The privacy landscape is evolving as technology moves from primarily collecting and using data consciously provided by an individual, to collecting data that is observed about individual behavior. This behavioral data is used to predict different behaviors and shared with others for multiple purposes, ranging from fraud prevention to relevant marketing.
The recognition of the benefits of robust, correct data use are acknowledged. Also recognized is the fact all individuals don’t view this trend the same way – some are very concerned it is eroding our privacy while others embrace both the individual and the societal benefits provided by “big data” and sophisticated analytics. For example, Mark MacCarthy from the Software & Information Industry Association recently wrote in his NY Times editorial commenting on the White House report on privacy that I discussed in my last blog, “Vigilant enforcement of the law will protect the public and allow data to achieve the extraordinary purposes that you rightly celebrate.”
We have laws in many countries. Europe has had laws for many years which are currently being updated. Latin America now has laws in almost all countries but Brazil, who has a draft law under consideration. Asia has enacted many laws in recent years which are just going into effect. While we don’t have a comprehensive law in the U.S., we do have numerous federal and state sector specific laws that govern many marketing practices – federal laws like CAN SPAM and the Do-Not-Call Registry and state laws like CA’s new Do-Not-Track law and the numerous state security breach notification laws. It is also important to recognize the numerous general consumer protection laws that guard against unfair and deceptive practices, which are being applied more often to privacy related matters.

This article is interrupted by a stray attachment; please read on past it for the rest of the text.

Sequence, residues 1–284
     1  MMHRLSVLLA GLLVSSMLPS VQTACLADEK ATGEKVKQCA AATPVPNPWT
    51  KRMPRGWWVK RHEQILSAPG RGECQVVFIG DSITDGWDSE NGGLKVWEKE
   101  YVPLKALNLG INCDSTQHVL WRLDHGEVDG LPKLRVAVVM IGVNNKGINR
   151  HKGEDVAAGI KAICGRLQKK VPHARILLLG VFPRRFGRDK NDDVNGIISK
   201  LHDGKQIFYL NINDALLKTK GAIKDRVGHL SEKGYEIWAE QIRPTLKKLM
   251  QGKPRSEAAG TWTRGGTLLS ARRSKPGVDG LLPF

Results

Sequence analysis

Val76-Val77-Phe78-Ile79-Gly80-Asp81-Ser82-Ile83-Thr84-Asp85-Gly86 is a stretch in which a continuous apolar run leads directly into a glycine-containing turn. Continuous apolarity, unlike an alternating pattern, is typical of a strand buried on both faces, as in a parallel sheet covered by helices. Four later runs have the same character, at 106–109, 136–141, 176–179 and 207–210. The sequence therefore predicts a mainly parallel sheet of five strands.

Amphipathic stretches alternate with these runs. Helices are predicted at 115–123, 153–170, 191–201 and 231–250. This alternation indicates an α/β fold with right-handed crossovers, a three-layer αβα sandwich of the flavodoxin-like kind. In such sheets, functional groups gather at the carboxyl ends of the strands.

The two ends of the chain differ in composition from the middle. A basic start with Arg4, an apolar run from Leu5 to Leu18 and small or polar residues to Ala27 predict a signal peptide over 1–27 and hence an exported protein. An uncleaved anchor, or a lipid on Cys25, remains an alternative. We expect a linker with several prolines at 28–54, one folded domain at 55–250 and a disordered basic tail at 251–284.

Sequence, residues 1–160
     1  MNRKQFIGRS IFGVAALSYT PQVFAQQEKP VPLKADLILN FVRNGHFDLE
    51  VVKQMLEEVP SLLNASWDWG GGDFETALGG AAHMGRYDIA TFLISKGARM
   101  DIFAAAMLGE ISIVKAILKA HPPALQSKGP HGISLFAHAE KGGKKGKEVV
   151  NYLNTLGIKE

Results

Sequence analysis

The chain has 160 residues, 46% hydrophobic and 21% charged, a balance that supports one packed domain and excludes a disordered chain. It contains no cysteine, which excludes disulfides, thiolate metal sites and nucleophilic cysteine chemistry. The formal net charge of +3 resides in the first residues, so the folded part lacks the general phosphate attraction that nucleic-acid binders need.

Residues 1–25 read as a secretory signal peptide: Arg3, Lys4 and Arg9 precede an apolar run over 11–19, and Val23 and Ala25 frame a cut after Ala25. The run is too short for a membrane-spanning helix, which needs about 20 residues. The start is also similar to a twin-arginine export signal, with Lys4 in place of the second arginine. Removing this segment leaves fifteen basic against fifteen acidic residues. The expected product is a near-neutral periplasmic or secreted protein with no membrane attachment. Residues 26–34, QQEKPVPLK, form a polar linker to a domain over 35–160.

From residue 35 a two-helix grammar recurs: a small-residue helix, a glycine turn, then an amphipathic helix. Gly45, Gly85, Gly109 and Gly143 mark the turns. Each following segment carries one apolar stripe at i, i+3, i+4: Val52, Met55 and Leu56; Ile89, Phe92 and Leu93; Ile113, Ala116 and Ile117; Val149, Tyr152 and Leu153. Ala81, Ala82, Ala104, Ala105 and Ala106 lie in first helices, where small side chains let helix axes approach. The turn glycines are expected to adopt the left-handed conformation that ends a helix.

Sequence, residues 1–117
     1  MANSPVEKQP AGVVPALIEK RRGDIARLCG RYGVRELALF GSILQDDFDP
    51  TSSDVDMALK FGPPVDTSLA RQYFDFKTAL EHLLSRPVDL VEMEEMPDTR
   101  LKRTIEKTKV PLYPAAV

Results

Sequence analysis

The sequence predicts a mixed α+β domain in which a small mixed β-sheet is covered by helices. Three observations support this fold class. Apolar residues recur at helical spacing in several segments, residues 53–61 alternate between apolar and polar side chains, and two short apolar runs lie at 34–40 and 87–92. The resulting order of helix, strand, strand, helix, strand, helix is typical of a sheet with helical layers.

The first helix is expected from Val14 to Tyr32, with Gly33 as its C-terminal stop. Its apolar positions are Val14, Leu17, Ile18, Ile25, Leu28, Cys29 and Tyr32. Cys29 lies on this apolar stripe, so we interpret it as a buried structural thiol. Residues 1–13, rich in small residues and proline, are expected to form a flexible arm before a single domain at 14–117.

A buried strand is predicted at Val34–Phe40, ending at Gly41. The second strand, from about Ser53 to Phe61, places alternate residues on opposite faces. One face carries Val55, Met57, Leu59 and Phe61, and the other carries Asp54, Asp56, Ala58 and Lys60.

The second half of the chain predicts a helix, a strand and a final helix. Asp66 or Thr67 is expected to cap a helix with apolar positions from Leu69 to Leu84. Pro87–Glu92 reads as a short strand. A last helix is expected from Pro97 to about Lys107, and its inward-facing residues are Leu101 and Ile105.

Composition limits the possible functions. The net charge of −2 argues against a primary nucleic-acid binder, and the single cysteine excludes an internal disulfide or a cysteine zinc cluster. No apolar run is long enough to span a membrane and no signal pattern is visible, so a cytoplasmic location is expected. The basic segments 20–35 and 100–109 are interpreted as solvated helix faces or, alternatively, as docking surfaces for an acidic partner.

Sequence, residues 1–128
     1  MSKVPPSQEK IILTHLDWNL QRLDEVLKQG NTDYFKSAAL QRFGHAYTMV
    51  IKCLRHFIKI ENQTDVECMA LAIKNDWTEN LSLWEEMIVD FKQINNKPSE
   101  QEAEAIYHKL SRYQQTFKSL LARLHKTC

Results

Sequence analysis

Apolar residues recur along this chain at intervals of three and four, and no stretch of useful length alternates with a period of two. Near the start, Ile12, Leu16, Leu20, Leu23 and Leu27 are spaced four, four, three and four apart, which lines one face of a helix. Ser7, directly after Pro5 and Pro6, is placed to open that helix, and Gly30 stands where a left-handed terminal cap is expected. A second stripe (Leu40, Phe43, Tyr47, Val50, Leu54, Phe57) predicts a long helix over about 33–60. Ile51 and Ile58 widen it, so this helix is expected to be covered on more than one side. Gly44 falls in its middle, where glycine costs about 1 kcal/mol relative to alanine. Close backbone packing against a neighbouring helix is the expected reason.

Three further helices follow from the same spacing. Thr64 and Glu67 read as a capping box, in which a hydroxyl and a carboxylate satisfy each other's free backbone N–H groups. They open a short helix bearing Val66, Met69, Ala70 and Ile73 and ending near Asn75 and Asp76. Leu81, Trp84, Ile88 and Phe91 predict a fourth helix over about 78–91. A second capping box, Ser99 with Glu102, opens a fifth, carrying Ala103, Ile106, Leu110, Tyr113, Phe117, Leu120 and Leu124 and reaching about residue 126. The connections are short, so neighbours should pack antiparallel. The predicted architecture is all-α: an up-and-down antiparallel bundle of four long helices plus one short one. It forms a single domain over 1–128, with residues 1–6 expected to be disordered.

This growing list of laws is important because we are seeing a general global increase in enforcement of privacy and consumer protection violations, as well as increased powers to fine companies and even send officers of the organization to jail – and we should expect this trend to continue.
Enforcement comes in many flavors. In the U.S. various regulators, like the Federal Trade Commission, can engage in enforcement actions. In recent years the FTC has been using their “unfair and deceptive” powers more and more. State Attorneys General also have similar consumer protection powers, so when federal enforcement actions occur there are often a number of state actions that follow. Finally, we are seeing an increase in class action law suits against companies that violate either federal or state laws. These enforcement action and law suits can result in tens of millions of dollars in fines and settlements, not to mention significant reputation damage.
As enforcement increases both the product and marketing departments of all organizations should get to know their privacy and compliance departments well. Make them your partner, not you adversary.